For more than 50 years, the Supplemental Nutrition Assistance Program (SNAP) has helped millions of Americans to avoid hunger, improve their health and alleviate the consequences of poverty. Two other federal programs Women, Infants, and Children (WIC) and School Food have for decades provided similar protections for pregnant women, new mothers and their young children and school children, respectively. From its earliest days, the United States has debated immigration policy, at times restricting access for some and at other times welcoming groups from many nations. Today, President Trump and Congress are acting to reverse two American traditions, providing food support for the hungry and welcoming those from other nations. New York City and State have both the obligation and the opportunity to chart new paths in creating city, state and community programs that reaffirm these core American values.
By Nevin Cohen, Nicholas Freudenberg and Janet Poppendieck, CUNY Urban Food Policy Institute
Trump’s inauguration, coupled with Republican Congressional control, requires every constituency to analyze the threats to the gains of the last eight years. This is particularly urgent for New Yorkers seeking to advance three broad food goals: eliminating food insecurity and hunger, fighting malnutrition and health inequality, and ensuring a sustainable food system with good jobs. Anticipating efforts to undermine food justice enables advocates, researchers, and policy makers to choose priorities in our work and forge strategic partnerships. In this policy brief, Nevin Cohen, Nicholas Freudenberg and Janet Poppendieck from the CUNY Urban Food Policy Institute analyze likely changes in these three areas and propose strategies to promote food justice in the coming years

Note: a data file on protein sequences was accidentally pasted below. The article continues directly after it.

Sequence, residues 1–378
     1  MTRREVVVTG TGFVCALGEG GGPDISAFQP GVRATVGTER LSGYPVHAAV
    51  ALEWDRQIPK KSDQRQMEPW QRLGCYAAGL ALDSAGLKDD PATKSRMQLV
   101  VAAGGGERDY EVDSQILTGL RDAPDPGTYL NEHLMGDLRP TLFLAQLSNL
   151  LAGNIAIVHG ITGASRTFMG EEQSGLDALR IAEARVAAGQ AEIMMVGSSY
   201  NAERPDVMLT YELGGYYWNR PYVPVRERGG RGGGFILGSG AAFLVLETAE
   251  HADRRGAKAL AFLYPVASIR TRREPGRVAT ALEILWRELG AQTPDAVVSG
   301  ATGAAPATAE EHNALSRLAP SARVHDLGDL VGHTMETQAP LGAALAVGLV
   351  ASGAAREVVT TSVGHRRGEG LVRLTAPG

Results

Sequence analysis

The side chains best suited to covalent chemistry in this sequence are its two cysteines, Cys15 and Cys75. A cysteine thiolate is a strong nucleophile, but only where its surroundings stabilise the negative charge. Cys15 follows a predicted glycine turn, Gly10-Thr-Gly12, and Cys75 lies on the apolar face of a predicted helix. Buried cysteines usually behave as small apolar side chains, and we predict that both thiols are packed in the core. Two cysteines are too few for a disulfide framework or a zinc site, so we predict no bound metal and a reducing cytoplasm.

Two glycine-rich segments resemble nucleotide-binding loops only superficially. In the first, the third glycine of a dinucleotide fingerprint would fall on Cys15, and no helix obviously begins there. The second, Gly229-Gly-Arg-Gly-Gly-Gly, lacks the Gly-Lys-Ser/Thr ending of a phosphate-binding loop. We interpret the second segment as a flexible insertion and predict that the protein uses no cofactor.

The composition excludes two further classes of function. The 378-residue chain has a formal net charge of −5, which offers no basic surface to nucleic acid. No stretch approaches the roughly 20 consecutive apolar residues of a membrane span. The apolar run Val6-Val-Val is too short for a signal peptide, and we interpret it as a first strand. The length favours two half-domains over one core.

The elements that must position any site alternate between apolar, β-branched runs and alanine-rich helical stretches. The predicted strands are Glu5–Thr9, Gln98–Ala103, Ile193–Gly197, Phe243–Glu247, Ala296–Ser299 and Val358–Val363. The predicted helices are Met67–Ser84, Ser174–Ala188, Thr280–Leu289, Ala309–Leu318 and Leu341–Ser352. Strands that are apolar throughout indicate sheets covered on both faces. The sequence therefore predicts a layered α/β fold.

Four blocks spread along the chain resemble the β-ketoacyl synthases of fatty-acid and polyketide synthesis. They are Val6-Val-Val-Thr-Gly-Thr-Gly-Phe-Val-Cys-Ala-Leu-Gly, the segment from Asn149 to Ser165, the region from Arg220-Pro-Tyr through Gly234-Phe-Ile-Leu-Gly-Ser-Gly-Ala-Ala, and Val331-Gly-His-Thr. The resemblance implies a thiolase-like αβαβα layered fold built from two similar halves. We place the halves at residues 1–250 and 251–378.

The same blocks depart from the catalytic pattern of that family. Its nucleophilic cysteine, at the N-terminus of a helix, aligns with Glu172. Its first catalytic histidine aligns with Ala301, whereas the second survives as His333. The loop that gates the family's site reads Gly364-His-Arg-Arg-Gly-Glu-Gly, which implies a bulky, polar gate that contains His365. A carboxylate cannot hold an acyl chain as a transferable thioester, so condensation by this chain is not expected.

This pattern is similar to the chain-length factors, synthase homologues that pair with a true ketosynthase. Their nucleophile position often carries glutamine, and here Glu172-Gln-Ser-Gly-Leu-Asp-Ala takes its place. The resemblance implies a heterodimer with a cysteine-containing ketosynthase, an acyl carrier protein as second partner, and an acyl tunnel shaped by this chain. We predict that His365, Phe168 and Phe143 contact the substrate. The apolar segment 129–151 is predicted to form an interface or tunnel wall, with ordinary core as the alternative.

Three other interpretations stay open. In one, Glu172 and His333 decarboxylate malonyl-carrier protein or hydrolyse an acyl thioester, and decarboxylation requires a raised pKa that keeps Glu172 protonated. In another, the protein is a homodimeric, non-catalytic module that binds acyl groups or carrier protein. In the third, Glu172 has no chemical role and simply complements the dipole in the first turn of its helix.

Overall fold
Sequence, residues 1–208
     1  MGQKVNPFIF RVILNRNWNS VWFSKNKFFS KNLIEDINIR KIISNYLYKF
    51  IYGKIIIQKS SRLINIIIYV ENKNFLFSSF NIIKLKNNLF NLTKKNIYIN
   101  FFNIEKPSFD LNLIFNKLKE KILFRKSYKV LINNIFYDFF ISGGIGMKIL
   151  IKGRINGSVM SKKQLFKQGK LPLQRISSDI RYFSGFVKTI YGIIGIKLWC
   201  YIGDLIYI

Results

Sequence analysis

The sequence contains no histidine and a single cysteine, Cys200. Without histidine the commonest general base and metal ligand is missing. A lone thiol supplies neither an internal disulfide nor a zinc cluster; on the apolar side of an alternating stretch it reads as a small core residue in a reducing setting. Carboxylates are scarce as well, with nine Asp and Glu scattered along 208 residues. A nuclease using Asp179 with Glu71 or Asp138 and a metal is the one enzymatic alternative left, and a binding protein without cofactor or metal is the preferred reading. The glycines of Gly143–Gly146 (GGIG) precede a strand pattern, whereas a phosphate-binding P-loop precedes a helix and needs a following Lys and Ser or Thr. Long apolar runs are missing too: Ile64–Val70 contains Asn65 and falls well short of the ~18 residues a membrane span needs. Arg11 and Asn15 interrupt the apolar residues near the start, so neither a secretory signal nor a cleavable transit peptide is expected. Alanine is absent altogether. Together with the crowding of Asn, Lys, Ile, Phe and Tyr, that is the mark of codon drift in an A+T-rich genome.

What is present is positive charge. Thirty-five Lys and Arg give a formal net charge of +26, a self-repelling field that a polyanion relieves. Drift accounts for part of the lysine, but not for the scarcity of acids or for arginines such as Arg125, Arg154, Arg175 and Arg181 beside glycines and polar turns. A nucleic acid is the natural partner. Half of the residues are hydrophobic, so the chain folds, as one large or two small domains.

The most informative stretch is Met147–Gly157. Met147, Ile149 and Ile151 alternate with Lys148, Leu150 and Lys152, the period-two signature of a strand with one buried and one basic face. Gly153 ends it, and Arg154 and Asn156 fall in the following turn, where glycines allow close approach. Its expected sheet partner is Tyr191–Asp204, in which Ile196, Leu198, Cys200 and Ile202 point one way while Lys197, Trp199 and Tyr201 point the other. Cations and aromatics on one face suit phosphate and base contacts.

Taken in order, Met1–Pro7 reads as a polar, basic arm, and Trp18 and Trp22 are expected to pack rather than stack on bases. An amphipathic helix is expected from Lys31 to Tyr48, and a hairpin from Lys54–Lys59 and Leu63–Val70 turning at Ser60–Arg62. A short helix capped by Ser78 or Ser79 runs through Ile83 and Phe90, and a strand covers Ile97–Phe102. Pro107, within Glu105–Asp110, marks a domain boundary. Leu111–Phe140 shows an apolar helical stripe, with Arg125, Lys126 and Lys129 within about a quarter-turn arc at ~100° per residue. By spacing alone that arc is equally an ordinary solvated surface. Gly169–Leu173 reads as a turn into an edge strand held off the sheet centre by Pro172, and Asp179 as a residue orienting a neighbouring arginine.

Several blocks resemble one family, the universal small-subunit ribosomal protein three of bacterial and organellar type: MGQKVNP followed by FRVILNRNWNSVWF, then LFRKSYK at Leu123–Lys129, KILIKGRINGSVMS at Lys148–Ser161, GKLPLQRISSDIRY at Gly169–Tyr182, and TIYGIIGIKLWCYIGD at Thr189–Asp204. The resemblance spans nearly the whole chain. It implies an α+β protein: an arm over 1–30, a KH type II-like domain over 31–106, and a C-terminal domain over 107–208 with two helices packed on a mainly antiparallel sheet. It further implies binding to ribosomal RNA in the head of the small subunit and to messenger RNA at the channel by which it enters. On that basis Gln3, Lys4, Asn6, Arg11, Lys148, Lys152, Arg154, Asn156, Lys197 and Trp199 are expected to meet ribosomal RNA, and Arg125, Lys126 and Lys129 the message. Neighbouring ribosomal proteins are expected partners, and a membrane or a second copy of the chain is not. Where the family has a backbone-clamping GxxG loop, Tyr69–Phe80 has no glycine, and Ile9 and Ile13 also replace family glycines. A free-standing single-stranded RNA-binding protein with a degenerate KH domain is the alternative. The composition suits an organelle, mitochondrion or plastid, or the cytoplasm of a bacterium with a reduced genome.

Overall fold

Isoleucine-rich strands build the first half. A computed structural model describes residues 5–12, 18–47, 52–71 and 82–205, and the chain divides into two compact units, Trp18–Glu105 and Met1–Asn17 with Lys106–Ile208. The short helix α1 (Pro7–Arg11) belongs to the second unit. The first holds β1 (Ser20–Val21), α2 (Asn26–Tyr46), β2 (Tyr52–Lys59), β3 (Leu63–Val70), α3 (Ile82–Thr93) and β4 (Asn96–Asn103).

By Anabel Perez-Jimenez and Nicholas Freudenberg, CUNY Urban Food Policy Institute
In the United States, a century of social reforms has yielded several national programs that help people avoid hunger and food insecurity. In 2015, the Supplemental Assistance Program (SNAP) provided benefits to more than 44 million low-income U.S. residents at a cost of about $70 billion; the Women, Infants and Children program (WIC) offered healthy food to about 6 million women and their young children at a cost of $6.2 billion; and USDA’s School Food served lunches to about 30.5 million school children and breakfasts to about 14 million at a total cost of about $17 billion. These food safety net programs, however imperfect in their scope or implementation, mitigate the effects of poverty and food insecurity, improve health and help the United States join the club of civilized nations that aspire to make access to the food needed for well-being the norm rather than a privilege.